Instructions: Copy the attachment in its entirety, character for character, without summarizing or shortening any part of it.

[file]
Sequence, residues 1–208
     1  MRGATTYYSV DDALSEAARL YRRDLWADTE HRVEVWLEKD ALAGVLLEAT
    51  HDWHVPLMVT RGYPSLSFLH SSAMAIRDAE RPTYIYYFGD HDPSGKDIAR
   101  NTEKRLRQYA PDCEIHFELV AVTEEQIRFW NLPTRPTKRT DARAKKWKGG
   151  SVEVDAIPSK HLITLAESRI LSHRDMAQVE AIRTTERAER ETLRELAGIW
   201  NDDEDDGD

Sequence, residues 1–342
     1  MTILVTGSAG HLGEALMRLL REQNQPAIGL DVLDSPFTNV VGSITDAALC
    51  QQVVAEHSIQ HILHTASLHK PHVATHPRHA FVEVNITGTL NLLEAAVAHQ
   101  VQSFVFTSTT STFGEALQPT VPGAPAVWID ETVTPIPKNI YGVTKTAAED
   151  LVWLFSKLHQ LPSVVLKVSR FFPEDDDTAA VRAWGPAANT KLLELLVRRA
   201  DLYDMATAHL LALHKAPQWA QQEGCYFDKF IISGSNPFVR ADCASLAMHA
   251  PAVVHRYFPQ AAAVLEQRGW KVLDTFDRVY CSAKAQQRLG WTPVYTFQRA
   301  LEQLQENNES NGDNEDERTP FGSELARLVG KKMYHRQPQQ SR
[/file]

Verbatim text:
Sequence, residues 1–208
     1  MRGATTYYSV DDALSEAARL YRRDLWADTE HRVEVWLEKD ALAGVLLEAT
    51  HDWHVPLMVT RGYPSLSFLH SSAMAIRDAE RPTYIYYFGD HDPSGKDIAR
   101  NTEKRLRQYA PDCEIHFELV AVTEEQIRFW NLPTRPTKRT DARAKKWKGG
   151  SVEVDAIPSK HLITLAESRI LSHRDMAQVE AIRTTERAER ETLRELAGIW
   201  NDDEDDGD

Sequence, residues 1–342
     1  MTILVTGSAG HLGEALMRLL REQNQPAIGL DVLDSPFTNV VGSITDAALC
    51  QQVVAEHSIQ HILHTASLHK PHVATHPRHA FVEVNITGTL NLLEAAVAHQ
   101  VQSFVFTSTT STFGEALQPT VPGAPAVWID ETVTPIPKNI YGVTKTAAED
   151  LVWLFSKLHQ LPSVVLKVSR FFPEDDDTAA VRAWGPAANT KLLELLVRRA
   201  DLYDMATAHL LALHKAPQWA QQEGCYFDKF IISGSNPFVR ADCASLAMHA
   251  PAVVHRYFPQ AAAVLEQRGW KVLDTFDRVY CSAKAQQRLG WTPVYTFQRA
   301  LEQLQENNES NGDNEDERTP FGSELARLVG KKMYHRQPQQ SR